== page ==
U.S. Army Sgt. Karen Burbank, medic, left, talks with a Belizean girl while checking her in for medical care April 7, 2014, at the Chunox Roman Catholic Pre-School in Chunox, Belize. Burbank, a Belize City native, is deployed from the 349th Combat Support Hospital, a Reserve unit in Los Angelas, Calif. The care was provided as part of a medical training exercise, or MEDRETE, that offers U.S. and Canadian military doctors and nurses the opportunity to train and interact with their Belizean counterparts. Free care will also be available 9 a.m. to 4 p.m. April 14-17 at the Libertad Methodist School. (U.S. Air Force photo by Tech. Sgt. Kali L. Gradishar/Released)

Born and raised in Belize City, Belize, Karen Burbank had it drilled into her mind by her mother that if she sticks with her education, she will succeed. Now a U.S. Army sergeant, Burbank has had five years of training and experience as a medic and recently deployed to Belize from the 349th Combat Support Hospital in Los Angeles.

From April 7-17, Burbank ensured proper care was provided to people from her home nation. Working in the triage section of the New Horizons Belize 2014 medical readiness training exercise, or MEDRETE, Burbank was responsible for obtaining blood pressure and pulse readings, as well as determining a patients' main reason for visiting the temporary clinic.

New Horizons is a multi-faceted exercise geared toward providing mutual medical and engineering training opportunities for Belize Defence Force, Canadian and U.S. military members. This is Burbank's first time supporting a New Horizons exercise in Belize.

"This is a real emotional and appreciative experience for me because I get to actually take care of my own," Burbank said. "I think it's a real good opportunity for us to learn, to build relationships with another country, and also for [Belizeans] to learn the things we can teach them.

"I'm just happy to be here and be a part of this mission supporting a place where I came from. I know how important it is," she added.

Belizean patients did not immediately recognize her accent as being from Belize, but once they did, their demeanor changed.

The people were really "stunned that I'm actually from Belize but in the U.S. military," Burbank said. "They're amazed. ... They're happy when they hear me speak the mix of English and Creole."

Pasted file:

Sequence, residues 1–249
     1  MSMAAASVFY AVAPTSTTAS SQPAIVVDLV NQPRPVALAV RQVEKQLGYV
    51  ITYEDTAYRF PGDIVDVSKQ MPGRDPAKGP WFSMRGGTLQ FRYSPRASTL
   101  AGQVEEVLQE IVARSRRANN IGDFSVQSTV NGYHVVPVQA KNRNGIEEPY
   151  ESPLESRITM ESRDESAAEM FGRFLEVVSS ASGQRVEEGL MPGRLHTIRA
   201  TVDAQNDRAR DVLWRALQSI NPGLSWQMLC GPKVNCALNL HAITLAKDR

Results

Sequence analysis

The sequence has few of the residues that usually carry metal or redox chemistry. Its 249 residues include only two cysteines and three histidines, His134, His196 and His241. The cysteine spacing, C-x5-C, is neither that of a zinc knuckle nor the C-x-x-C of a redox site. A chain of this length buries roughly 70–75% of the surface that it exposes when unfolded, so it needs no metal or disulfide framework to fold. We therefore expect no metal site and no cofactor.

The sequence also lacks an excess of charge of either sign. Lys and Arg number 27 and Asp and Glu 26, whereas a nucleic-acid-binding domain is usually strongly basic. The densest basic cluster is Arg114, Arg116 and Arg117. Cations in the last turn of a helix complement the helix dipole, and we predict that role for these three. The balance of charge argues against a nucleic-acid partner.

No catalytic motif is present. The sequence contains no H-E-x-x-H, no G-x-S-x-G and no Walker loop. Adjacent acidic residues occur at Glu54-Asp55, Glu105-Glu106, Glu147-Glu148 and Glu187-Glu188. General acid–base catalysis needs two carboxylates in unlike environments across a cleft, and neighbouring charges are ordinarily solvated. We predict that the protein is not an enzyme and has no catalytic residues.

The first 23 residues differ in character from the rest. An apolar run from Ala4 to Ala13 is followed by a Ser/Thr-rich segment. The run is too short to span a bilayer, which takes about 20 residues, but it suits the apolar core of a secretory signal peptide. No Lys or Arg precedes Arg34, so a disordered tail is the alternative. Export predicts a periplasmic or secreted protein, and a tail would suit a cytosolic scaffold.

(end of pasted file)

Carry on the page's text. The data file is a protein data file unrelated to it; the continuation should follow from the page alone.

The path from Belize City to Los Angeles involved a determination to succeed and continuous encouragement from Burbank's mother to value education.

"I raised up with my mom being a single mother having four kids. What she always told us was school is very, very important. It's a way of a better opportunity. It's a way of getting out of poverty. ... She also used to tell us that nobody can take your education away," recalled Burbank, who is one of four children in her family. "We realized how hard it was for her taking care of all four of us, so we couldn't let her down. I realized that I had to focus."

In 1999, Burbank's mother passed away, leading to life in the U.S. and, eventually, a life in uniform.

"I decided to join the military because it's something that I thought was a very good opportunity for me and my family. That's how I ended up in the Army from Belize," Burbank explained. "It wasn't an easy path ... however, you have to be determined. You have to want it."

A student of Queen Square Anglican School and Wesley College, both in Belize City, Burbank then received training in the U.S. Army to become a Soldier and a medic. She is still continuing her education today, falling in line with her mother's words of wisdom.

"My daughter, right now, she looks at me as an example," Burbank noted. "If I didn't make that change for myself or if my mom didn't encourage me, it would have been the same pattern of not wanting more. Now my daughter can see, and she can use me as a positive role model.

"My mom is not here today, but I know if she was she would be very, very proud," Burbank said.